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I started my blog about Catbrook wood when we first decided to buy it…. at that stage it was a dark and dense plantation of Corsican Pines, there were a few deciduous trees struggling to get a bit of light and there were even a few wild flowers. Being a ‘good ecologist’ ?? I made a list of the species growing in the wood at this stage.

The pines were soon removed and the process of developing a mixed deciduous woodland resembling something like what I imagined it would have looked like before the telegraph pole/pit prop production line was installed. In this regard I only planted Oaks, Beech and Hazel and even these I grew myself from seeds that I collected locally. That means no more than 10 miles from the wood and most were collected within a mile. So no wild flower seed mixes or bluebells in the green. Any wild flowers were either already there and lying dormant in the soil or they were brought in naturally on the wind or the fur of a visiting fox.

I started to record the wild flowers that ‘popped up’….. Rose bay willow herb,   Foxglove, Heather, Ragged robin and quite a few others but there were others growing in the woods close by. Not the 6 acres that we had purchased but nonetheless in the wider area know as Ninewells Wood. So I extended my recording, photographing  and writing to include these.  In  fact by this stage I had discovered that the name Catbrook Wood was quite artificial and was a name invented by ‘Woodlands for Sale’ simply to help sell it. They give all their woods a name. So I removed the sign and now I refer to our wood as ‘part of Ninewells Wood’ which is what it is.

Then I extended my recording to cover other woodland wildflowers growing in neighboring woods along the Wye valley and devoted a section of this blog just to the flowers and I called it  Woodland wildflowers of the Wye Valley.

Having got this far and having received some encouragement from folks saying how interesting they found some of the stuff I was writing.   I then decided to start a new blog covering all wildflowers growing in woods.  I even won an award from Woodlands for sale, and that was despite removing the sign with the name they had given to our wood.

In fact there are not that many more wildflowers  growing across the UK than there are in the Wye Valley, it being a very natural and diverse area.

This new blog is a bit more ambitious though and includes other stuff apart from just the flowers, there is information about the evolution of plants, the woodland environment, the age of trees and such like. You can have a look if you like it is simply called Woodland Wildflowers… of the Wye valley and beyond.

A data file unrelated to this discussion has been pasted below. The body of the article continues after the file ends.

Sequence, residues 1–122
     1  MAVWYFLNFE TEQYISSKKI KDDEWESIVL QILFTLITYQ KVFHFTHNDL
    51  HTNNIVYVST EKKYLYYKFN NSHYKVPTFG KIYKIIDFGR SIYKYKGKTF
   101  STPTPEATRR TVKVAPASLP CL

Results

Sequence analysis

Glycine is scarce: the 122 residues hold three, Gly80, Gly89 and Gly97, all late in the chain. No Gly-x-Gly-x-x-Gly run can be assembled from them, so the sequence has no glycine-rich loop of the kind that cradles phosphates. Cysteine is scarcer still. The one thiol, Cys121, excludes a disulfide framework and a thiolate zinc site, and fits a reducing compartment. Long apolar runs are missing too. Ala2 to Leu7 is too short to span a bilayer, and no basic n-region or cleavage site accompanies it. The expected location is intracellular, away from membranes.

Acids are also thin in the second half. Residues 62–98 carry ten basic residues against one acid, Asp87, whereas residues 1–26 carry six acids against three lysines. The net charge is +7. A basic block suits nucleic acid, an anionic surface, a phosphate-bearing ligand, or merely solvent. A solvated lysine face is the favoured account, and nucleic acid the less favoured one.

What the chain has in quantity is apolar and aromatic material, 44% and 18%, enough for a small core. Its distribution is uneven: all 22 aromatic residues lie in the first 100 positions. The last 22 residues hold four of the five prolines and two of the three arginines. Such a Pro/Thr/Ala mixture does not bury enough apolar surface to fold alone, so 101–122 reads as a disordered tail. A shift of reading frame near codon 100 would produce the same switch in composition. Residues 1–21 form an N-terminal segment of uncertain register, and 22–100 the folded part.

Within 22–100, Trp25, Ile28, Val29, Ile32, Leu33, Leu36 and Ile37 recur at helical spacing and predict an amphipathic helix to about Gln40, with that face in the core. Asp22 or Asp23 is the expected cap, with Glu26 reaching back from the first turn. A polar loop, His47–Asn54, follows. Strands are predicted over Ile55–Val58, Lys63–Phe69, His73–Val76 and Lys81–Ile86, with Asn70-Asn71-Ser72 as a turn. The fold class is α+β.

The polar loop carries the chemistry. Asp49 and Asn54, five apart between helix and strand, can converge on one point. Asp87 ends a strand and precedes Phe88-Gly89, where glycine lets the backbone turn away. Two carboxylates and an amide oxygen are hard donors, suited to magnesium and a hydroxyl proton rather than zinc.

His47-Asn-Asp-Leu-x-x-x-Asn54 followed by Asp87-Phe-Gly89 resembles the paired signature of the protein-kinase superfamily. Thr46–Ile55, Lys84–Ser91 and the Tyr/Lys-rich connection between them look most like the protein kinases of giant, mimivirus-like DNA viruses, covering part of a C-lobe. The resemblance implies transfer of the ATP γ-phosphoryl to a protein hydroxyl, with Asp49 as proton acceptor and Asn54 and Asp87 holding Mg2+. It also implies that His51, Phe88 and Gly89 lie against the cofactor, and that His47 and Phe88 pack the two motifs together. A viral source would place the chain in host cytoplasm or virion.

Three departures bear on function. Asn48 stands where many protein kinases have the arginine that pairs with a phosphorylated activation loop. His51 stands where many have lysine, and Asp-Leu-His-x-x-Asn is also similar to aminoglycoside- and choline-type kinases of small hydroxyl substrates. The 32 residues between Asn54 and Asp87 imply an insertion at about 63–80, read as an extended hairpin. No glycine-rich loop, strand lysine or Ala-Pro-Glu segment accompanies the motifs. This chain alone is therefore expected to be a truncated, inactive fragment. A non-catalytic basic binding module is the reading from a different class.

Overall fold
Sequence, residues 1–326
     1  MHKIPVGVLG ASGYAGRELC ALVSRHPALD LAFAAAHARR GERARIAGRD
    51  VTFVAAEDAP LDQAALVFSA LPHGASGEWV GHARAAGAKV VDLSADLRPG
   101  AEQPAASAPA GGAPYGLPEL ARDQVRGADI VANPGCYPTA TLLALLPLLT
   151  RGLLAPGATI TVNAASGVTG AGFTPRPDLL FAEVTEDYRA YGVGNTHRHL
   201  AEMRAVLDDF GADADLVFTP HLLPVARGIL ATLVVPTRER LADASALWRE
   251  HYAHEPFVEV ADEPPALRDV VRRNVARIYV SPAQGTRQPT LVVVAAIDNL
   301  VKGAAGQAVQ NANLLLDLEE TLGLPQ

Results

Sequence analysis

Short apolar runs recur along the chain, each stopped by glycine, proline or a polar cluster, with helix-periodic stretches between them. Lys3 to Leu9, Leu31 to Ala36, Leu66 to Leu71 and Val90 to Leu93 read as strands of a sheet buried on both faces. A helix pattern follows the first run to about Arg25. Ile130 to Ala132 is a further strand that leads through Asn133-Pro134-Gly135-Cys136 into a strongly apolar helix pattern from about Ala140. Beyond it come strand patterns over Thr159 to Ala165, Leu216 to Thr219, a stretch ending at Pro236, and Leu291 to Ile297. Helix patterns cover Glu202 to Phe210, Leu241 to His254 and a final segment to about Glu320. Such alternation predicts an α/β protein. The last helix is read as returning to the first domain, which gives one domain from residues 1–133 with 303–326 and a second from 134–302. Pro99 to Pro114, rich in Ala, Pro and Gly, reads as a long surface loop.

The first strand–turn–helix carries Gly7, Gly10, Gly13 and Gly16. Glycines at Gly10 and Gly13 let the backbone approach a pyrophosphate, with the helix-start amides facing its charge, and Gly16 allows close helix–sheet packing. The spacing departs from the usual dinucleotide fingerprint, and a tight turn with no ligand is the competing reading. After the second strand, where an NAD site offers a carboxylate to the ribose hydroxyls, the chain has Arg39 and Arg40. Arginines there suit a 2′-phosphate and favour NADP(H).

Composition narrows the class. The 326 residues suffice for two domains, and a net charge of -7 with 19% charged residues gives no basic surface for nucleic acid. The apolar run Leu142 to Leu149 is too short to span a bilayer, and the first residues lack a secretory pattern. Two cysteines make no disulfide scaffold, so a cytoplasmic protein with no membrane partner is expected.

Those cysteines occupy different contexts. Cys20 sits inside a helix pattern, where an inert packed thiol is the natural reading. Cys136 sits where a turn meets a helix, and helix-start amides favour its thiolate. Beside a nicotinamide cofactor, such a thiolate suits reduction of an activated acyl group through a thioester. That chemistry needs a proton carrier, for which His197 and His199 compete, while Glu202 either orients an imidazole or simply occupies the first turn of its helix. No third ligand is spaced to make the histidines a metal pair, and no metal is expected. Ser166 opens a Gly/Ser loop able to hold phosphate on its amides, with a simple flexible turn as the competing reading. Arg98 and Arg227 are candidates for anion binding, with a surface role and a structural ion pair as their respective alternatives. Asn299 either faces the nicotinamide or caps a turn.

So now I am busy trying to locate and photograph all the flowers which might grow in woodlands. I have quite a collection of photos taken over the years of wildflowers but obviously there are some gaps. For example I know I have photographed Butchers Broom in the past but my system of filing my photos is almost non existent so it was easier to locate some which I did in a park on the edge of Gloucester and take a selection of photos. My next target plant was Stinking Hellebore and I visited several locations in the Cotswold’s without any luck only to discover that there are hundreds of them  growing on the hills just behind where I live in Clearwell. With my binoculars I could probably see them from an upstairs window.

I have recently got permission to photograph Yellow Star of Bethlehem, growing on a reserve in Warwickshire, so in a week or so I should be able to tick that off. Now I am searching for Butter-bur. I have one photo but I took that several years ago in Poland. A  lady who was reading one of my blogs said she had seen it growing ‘half way up Coppet Hill’ which is a bit closer than Poland… only about 10 miles away. So a couple of days ago I went to Coppet hill and spent several hours like the Grand old Duke of York, half way up and half way down but not seeing any Butter-bur.

When I am three quarters done in maybe a year or so I might try to see if I can get my blog made into a book and get it published, however I think this is a somewhat time consuming and fraught process. I will give it a go but unless it happens relatively easily then I cant see myself hitting my head against a wall for too long.

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